Greg Guenthner

The stock market has been light on drama lately.

So far this month, the broad market has resumed its attack of new highs, stomping the VIX back toward its lows. In fact, yesterday’s measly drop was just the third time this month that the S&P 500 failed to finish the day in the green.

“After experiencing big swings in the market from late May through late June, volatility has quickly come back down to earth this month,” explain the team over at Bespoke Investment Group. “Not only has the VIX moved back down to its lows for the year, but the pace of ‘all or nothing’ days has quickly dried up.”

S&P 500 "All or Nothing" Days:1990-2013

Bespoke records an “all or nothing” day when the net daily advance decline reading on the S&P 500 is greater than plus or minus 400. In other words, an “all or nothing” day happens when a massive number of stocks on the market are shooting higher together— or when a large majority of stocks are moving lower.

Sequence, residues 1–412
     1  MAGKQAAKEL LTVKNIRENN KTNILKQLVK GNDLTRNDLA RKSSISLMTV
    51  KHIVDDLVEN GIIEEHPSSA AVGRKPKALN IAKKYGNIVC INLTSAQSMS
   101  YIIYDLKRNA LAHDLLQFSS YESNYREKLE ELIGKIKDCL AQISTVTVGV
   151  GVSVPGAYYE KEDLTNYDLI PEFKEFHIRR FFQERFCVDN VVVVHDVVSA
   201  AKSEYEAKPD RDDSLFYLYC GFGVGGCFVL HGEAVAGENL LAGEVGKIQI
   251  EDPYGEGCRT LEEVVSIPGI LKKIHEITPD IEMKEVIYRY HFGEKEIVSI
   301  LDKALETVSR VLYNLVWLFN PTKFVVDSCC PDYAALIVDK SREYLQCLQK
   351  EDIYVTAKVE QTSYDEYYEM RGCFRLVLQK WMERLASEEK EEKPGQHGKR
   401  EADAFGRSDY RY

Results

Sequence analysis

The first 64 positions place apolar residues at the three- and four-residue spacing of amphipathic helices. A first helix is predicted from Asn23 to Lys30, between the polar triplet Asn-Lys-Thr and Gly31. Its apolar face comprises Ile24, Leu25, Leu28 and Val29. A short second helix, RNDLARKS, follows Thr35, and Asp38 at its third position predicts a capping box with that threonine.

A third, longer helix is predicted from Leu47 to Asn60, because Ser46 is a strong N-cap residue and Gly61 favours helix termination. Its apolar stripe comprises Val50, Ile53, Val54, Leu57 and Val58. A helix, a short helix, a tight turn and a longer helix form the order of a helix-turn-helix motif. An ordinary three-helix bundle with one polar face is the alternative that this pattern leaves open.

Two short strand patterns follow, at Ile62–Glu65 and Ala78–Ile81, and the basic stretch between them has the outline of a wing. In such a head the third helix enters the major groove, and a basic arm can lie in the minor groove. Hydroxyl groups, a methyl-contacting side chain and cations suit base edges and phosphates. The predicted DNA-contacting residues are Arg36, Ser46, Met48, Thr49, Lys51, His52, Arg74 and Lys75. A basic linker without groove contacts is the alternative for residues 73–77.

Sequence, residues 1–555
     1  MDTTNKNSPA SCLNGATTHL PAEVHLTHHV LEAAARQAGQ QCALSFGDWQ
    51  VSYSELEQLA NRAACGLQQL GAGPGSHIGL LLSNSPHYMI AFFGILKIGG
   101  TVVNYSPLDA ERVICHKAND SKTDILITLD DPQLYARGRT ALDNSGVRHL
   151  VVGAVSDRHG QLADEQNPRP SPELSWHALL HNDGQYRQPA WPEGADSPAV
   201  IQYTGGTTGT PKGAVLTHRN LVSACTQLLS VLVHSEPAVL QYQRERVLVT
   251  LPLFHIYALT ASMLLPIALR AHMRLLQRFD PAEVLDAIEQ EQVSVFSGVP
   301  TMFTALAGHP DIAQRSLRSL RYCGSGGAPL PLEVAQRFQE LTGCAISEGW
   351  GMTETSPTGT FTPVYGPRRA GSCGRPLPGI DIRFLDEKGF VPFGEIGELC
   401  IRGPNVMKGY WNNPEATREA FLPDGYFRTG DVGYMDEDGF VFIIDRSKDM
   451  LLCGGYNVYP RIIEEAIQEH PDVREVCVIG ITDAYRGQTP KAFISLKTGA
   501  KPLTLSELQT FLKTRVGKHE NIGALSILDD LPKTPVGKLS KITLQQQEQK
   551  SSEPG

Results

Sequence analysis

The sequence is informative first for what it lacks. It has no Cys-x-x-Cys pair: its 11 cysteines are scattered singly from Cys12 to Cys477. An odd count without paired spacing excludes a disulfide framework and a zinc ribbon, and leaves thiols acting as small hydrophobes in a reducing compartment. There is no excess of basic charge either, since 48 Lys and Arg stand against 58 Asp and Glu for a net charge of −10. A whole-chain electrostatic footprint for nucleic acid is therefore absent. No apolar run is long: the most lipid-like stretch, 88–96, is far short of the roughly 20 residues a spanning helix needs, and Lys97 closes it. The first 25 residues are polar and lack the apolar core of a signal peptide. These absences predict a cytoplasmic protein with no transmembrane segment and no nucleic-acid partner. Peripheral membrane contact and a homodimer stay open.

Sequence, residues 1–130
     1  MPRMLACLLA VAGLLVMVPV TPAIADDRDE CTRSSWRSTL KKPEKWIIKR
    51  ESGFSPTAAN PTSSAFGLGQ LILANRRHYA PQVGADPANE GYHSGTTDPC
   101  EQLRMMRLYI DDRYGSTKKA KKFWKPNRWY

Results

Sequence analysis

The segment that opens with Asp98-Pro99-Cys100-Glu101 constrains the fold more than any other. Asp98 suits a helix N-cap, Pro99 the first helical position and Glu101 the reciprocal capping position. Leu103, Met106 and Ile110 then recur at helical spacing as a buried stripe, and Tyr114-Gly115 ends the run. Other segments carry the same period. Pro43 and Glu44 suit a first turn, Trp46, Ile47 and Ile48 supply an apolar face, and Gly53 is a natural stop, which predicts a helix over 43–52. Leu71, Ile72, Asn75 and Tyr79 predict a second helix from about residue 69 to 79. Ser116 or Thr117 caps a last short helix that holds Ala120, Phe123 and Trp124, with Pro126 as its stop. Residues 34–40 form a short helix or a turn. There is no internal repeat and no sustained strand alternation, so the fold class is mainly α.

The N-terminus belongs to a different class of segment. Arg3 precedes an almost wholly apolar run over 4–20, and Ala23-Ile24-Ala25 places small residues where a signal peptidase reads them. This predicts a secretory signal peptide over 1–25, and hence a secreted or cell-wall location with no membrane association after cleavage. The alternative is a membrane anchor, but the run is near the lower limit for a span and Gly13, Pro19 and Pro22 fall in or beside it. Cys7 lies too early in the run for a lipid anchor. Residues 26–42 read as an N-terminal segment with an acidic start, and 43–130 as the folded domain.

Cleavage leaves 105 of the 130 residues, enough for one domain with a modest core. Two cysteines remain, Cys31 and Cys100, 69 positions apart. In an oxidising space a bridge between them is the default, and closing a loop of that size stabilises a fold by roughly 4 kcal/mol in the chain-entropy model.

Aside from a few “all or nothing” days popping up in May and June, 2013 has been an uneventful year. In fact, if it keeps up this pace this year, we’ll see the lowest total “all or nothing days” since 2006.

That’s a good thing for long-term investors. Notice how market turmoil intensified the number of “all or nothing” swings over the past seven years. Not surprisingly, the two highest totals since 1990 came in 2008 and 2011 when the financial crisis and eurozone meltdown ripped through the markets. These periods of uncertainty produced ultra-high correlations in the market. It’s not healthy action. Now, it appears that we’re moving away from the turmoil…

Fewer and fewer big, correlated stock market moves will inspire investor confidence. A choppy, confusing market keeps most risk-adverse long-term investors on the sidelines. But if stability surfaces, more investors will leave their bear market mindsets behind and take the plunge.

Regards,

Greg Guenthner
for The Rude Awakening

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Greg Guenthner

Greg Guenthner, CMT, is the managing editor of The Rude Awakening. Greg is a member of the Market Technicians Association and holds the Chartered Market Technician designation.

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